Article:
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I'm going to be working on an application that allows our client to define fields that will be shown to users in sort of a feedback/survey environment. For example, a pizzeria might have a field asking for your favorite topping, a bar might have your favorite brand of beer.

The system needs to be able to handle letting our customers create and modify these fields, since they are dependent on the specific customer and probably will not be duplicated. It would be ideal if there was some way to present suggestions to the customer based on similar customer's fields; for example if we have a second pizzeria sign up, on their admin page to define fields it might say that similar businesses chose to ask the following questions, and present a list of "sample" values.

Would this be a good candidate for the Entity-Attribute-Value (EAV) model for this table? A traditional relational model wouldn't work because it would involve lots of fields called "user1" and the like, which is of course highly unwieldy for anything.

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up vote 1 down vote accepted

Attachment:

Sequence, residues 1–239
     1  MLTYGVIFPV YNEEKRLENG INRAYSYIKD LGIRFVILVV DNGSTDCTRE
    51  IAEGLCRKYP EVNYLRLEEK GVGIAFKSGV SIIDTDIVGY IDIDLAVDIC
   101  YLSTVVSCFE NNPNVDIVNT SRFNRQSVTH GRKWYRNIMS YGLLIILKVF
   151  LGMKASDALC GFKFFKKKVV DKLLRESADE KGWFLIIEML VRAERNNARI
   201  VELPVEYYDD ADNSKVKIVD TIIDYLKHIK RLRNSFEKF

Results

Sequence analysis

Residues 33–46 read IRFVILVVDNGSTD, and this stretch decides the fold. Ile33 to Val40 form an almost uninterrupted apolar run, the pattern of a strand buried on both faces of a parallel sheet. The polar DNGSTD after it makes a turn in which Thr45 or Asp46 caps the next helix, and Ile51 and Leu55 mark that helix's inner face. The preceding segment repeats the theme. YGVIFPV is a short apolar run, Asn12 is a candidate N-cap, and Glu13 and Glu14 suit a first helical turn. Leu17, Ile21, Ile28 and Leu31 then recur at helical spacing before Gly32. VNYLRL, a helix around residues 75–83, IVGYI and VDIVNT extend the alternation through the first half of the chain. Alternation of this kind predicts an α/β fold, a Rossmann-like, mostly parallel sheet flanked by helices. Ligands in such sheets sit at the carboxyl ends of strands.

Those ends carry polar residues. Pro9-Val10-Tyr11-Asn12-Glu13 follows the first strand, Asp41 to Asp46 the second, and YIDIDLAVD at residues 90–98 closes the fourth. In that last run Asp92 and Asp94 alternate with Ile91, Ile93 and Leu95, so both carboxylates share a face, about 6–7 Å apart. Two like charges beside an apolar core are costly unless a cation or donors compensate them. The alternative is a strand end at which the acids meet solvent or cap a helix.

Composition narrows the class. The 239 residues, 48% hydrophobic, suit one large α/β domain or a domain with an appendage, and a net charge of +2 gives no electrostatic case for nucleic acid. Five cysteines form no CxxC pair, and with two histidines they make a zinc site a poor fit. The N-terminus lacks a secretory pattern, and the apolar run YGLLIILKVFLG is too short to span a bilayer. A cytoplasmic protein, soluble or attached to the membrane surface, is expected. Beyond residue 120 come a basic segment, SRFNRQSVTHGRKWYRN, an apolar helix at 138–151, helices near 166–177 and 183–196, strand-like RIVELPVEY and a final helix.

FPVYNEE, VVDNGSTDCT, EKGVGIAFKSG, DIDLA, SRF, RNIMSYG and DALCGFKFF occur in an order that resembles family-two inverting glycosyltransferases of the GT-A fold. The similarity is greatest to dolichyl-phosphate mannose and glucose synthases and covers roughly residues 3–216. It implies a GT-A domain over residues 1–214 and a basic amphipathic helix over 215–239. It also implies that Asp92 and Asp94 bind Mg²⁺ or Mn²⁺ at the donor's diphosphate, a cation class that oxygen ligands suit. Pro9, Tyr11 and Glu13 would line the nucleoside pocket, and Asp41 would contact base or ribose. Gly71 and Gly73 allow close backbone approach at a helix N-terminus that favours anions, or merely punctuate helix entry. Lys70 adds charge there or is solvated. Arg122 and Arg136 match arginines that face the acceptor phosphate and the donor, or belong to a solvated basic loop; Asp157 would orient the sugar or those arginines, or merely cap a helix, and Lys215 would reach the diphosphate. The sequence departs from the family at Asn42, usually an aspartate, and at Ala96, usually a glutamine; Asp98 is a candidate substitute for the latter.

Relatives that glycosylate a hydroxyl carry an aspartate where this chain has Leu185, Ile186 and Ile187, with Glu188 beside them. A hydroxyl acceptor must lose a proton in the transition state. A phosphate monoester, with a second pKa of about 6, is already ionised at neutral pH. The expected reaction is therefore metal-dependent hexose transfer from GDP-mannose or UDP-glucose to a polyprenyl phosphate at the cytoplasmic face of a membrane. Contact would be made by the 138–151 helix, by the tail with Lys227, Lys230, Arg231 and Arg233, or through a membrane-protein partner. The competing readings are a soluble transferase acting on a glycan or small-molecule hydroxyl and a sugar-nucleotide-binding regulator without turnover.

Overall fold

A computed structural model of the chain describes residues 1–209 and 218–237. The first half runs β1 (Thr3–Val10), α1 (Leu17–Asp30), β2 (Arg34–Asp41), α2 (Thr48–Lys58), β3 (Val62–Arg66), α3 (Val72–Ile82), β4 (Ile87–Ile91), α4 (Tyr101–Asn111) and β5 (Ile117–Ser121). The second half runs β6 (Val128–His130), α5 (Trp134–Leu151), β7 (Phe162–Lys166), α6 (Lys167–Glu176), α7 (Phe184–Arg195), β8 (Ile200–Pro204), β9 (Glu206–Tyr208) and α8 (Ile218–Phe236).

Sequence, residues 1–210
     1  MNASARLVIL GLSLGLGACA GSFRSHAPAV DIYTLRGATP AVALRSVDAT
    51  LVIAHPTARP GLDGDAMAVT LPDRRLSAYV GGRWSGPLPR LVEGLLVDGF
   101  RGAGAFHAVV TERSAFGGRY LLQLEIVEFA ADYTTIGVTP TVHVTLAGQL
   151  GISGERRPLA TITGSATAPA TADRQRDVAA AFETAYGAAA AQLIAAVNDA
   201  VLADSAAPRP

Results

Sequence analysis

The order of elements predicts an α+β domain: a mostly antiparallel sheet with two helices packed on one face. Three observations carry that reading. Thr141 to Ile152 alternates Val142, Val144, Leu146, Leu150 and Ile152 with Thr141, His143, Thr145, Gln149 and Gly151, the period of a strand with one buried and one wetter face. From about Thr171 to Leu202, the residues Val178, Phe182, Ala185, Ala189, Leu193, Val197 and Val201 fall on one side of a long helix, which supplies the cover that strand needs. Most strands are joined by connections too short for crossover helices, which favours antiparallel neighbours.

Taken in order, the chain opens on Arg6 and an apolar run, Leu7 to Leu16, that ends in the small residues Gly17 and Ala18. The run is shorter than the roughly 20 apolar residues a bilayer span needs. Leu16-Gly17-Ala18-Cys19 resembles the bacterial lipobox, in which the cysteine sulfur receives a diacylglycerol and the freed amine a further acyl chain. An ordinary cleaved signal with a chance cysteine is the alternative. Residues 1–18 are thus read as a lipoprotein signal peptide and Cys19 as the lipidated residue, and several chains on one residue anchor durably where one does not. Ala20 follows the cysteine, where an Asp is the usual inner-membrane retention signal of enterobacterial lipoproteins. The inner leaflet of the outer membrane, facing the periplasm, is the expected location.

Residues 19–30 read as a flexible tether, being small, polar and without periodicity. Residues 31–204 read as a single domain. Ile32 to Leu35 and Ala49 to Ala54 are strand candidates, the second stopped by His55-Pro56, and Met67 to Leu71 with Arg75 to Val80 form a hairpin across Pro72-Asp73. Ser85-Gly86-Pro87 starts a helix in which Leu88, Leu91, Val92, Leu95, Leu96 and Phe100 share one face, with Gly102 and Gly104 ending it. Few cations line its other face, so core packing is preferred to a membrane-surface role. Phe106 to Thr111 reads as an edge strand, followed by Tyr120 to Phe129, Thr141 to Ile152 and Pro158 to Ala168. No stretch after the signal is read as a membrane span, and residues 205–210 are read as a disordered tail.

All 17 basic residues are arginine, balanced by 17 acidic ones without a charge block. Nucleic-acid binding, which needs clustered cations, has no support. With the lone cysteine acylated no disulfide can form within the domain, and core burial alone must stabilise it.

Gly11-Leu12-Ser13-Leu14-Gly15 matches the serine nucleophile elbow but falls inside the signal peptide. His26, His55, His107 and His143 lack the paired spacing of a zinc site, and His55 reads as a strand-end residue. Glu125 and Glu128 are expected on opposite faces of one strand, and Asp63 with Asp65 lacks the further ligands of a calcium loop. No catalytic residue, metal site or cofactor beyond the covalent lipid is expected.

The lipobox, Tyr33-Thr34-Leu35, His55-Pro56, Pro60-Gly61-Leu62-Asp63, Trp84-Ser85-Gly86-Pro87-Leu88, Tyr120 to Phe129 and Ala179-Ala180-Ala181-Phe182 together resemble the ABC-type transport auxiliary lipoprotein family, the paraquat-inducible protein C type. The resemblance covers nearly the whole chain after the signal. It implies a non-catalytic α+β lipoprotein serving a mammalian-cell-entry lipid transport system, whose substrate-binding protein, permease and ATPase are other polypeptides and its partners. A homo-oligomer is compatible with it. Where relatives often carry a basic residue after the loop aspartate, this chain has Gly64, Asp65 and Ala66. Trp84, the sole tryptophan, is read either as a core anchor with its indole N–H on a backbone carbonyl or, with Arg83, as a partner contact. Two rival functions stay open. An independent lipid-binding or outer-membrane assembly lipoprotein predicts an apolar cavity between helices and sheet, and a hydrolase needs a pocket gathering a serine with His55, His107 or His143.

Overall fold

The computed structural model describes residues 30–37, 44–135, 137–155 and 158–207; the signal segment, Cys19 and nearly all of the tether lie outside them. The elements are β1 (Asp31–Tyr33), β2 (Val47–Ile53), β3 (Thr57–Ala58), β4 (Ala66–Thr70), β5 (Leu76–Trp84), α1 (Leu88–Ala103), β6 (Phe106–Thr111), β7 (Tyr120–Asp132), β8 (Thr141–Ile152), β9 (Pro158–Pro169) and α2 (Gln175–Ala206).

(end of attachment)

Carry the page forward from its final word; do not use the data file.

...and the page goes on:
No, the system you describe does not require an EAV, although what you see below may appear to have some common elements with EAV models:

CLIENT (clientId, clientName)

SURVEY (surveyId, clientId)

RESPONDENT (respondentId, surveyId, respondentName, respondentEmail)

QUESTION (questionId, surveyId, questionText) e.g. "favorite topping"

OPTION (questionId, responseText) e.g. "anchovies", "pepperoni"

RESPONSE (questionId, respondentId, responseText)

A CLIENT can create many SURVEYs, each of which can have many QUESTIONs, some with suggested OPTIONs. A RESPONDENT responds to a SURVEY, and their answers are each recorded as a RESPONSE. RESPONSE.responseText may or may not match a given OPTION.responseText, depending on whether they picked an option or typed their own response.

This is just an example, there are many variations on this model that you'll probably need to make to suit your specific requirements.

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